Transactions are your raw data that feed everywhere else, so to recategorize, you’d update your Categories tab, if applicable, and then for any historical data, you’ll have to manually overwrite those categories in Transactions. To do this, in the Transactions sheet, select the category column and then select the Filter icon – and it works like excel where you can pick the values you want to filter. Once you get your categories nestled in over the coming months, it’ll ‘just work’ thereafter.

As far reporting per category at line level, I’ve created a pivot table off of transactions table for a high level income statement – this also enables me to drill into any category to see individual transactions for a given period that roll up into the summary for the category. Maybe something like that would do the trick for you?

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Thanks! I was expecting the filter option to be under the dropdown in the column heading like in Excel. Once I selected the column and found the Create a Filter button I was able to do it. Interesting that it creates a whole view for while you’re working in that, but I guess it’s similar to when you have multiple people editing the same Excel workbook on Teams/OneDrive.

I’ve also added the Tags column and Tags Report now to my spreadsheet which gives some additional flexibility to track things within a category. That seems like it’s going to help with tracking who in the household is responsible for which purchases in certain categories, as well as whether I’ve reimbursed myself for medical expenses. Lots of great capabilities here!

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I’m a 20 year Excel veteran and prefer that but Sheets is the core application platform tool for Tiller, so that’s what I use. The tool doesn’t matter, I don’t add any customization, so just want the product features to be the best I pay for.

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I’d recommend turning the filter on for the entire sheet. If you only filter a single column in Google Sheets and then decide to sort, it doesn’t prompt you to expand the selection like Excel so you might end up with mismatched data.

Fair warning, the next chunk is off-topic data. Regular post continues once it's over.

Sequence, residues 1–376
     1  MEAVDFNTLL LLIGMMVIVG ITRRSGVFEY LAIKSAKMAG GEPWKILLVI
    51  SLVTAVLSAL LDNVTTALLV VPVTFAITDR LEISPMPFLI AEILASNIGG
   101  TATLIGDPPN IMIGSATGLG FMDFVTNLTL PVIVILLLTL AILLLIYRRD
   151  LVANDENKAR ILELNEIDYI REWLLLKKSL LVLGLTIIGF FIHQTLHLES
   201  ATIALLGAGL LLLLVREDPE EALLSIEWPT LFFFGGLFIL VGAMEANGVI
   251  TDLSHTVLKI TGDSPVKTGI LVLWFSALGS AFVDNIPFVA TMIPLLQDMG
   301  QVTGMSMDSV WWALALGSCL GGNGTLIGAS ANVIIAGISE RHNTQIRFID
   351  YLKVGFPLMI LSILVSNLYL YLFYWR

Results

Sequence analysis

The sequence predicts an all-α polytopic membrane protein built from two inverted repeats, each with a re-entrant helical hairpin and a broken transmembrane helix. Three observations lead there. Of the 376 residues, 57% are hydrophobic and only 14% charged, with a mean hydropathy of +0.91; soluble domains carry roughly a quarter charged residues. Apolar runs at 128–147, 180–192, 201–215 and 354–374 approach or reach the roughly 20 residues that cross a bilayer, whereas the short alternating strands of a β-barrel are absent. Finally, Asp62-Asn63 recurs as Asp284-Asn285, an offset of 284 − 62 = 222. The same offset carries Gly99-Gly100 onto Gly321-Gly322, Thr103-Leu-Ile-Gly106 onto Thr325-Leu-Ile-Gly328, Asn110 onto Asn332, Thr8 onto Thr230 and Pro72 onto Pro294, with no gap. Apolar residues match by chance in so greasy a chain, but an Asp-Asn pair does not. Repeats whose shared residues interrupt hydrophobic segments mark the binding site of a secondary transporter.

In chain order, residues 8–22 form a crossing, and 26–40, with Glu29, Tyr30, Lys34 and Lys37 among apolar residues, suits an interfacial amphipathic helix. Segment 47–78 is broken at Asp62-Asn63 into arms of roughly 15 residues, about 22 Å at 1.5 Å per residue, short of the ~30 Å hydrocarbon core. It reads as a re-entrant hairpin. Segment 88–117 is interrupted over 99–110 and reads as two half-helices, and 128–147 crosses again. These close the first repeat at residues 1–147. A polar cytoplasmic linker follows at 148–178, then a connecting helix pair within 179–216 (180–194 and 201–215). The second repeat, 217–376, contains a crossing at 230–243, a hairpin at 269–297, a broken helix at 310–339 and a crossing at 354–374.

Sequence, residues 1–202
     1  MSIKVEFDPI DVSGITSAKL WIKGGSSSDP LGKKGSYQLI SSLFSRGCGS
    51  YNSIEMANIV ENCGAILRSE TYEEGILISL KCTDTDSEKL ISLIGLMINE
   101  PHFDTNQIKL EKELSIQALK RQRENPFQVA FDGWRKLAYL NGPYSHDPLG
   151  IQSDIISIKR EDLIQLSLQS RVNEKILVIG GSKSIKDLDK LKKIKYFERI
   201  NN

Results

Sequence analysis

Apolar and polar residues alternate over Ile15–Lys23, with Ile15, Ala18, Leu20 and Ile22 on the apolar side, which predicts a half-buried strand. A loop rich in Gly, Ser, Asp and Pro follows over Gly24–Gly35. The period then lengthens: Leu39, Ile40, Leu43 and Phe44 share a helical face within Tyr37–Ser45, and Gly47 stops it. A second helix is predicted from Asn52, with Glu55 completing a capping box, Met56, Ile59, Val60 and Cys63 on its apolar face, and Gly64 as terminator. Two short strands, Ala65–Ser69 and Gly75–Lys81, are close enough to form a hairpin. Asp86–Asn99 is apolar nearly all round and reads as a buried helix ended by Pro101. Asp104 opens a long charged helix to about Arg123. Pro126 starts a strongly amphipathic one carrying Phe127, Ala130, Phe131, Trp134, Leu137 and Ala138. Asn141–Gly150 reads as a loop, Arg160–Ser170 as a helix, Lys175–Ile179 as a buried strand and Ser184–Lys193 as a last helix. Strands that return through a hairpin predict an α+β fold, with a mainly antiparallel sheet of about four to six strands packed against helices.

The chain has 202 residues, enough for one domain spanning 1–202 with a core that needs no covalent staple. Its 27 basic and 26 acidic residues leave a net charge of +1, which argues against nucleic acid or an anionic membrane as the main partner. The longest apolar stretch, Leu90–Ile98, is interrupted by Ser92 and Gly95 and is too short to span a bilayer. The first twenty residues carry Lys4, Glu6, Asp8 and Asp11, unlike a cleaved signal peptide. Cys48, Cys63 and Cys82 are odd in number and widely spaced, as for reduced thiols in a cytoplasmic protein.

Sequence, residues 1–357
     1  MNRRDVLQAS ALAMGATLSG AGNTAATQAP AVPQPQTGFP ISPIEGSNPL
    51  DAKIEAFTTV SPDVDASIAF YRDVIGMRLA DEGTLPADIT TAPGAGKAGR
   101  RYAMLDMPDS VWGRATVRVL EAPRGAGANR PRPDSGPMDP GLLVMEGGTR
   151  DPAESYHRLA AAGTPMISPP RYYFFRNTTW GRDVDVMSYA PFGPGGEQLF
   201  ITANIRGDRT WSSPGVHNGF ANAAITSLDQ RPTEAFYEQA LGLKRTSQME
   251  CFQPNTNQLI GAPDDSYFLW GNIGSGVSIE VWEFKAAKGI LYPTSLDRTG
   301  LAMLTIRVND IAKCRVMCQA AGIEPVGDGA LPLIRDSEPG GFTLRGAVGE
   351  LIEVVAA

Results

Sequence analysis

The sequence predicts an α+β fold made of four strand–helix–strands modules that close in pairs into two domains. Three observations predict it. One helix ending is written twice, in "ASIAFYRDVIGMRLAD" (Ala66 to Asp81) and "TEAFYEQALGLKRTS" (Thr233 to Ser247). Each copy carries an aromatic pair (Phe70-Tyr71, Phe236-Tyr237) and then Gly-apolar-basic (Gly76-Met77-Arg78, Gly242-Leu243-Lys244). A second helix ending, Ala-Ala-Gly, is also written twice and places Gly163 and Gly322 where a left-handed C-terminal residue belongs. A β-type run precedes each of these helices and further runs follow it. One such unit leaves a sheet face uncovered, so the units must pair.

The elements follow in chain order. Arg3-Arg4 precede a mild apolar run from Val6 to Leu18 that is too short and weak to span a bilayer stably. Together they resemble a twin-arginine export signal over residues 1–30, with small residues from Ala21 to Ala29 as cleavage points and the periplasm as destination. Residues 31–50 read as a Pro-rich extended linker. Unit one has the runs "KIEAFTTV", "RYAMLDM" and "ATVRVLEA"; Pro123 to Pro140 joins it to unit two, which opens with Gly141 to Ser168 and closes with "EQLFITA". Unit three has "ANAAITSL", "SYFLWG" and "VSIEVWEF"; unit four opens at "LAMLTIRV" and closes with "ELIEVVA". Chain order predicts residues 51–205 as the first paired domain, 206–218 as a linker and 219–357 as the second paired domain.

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I’ve tried Tiller with both Excel and Sheets. The Sheets version is significantly more powerful. (Excel version = weak) They’ve announced that this year they’re putting focus on improving functionality in Excel, so I look forward to that. I’ve also tried Money in Excel (which is included in what I already pay to Microsoft for a premium subscription) and it is also not comparable to Tiller in Sheets in terms of capability and robustness (things just work in Sheets). So, I’m going to use Sheets until functionality equals Sheets, then switch to Excel at that time. I’m paying for Excel and other Microsoft services so I’ll get back into that ecosystem as soon as I can. For now though, you can’t beat Tiller in Sheets.

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Derek,
Like you I was a long time Excel user and tried to use Tiller first with excel for ipad, :-1: Then with online excel which was glitchy , rather than figure it out, I switched to sheets , which works well because that was what the product was designed for and the majority of contributors use. I’m not one to try and paint a Zebra all white, learn to live with what is.
Gene

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I started in Excel and I am staying there. I feel comfortable writing any of my own “code” so I have not moved over to sheets. My Excel-based Tiller spreadsheet links to other Excel spreadsheets for all my financial work so I really can’t and don’t want to use sheets.

Is there something in particular you can’t find or write in Excel that is in Sheets?

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It’s not so much that I’m finding functionality in Sheets itself vs. Excel, it’s more what’s already available for Tiller for Sheets than Tiller for Excel. I’m loads more fluent in Excel, but what I’ve learned so far from Tiller is despite having grown my own Excel workbook up to 20+ tabs over the years, my workflow for tracking my spending and budgeting just isn’t as good or efficient as the prebuilt stuff that Tiller has. So rather than rebuild my Excel transaction tracking and budgeting pieces I can just use what’s already available.

I do have some bits of my Excel workbook that I’ll probably keep in Excel… 20 years of net worth and retirement account data, for example. And I have a few lesser used bits that I haven’t decided what to do with yet. But for day-to-day tracking and annual budgeting there isn’t much I need to build.

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Just as many others, I am long time Excel user and tried both Goggle Sheets and Excel when I started using Tiller. The Autocat feature within Goggle Sheets won be over. I do think that the Pivot table feature in Google sheets is easier if you are someone who doesn’t understand pivot tables well however the charting capabilities in Excel are much better than Goggle sheets although again, perhaps not quite as easy. So it really just depends on what you needs are.

Lots of good comments and reasoning here. I use Tiller with Sheets because it’s better as of this writing, and like others said, the basics of Excel translate very well to Sheets.
Two points:

  1. Remember that you can import information from sheets into Excel with queries (you might do an online search that topic if you’re not familiar).
  2. I got back to Excel for nearly anything that requires programming because I’m very familiar with Visual Basic and much less so with Google Script (though I’m slowly learning – very glad Sheets has the ability to record, edit, and schedule macros :slight_smile: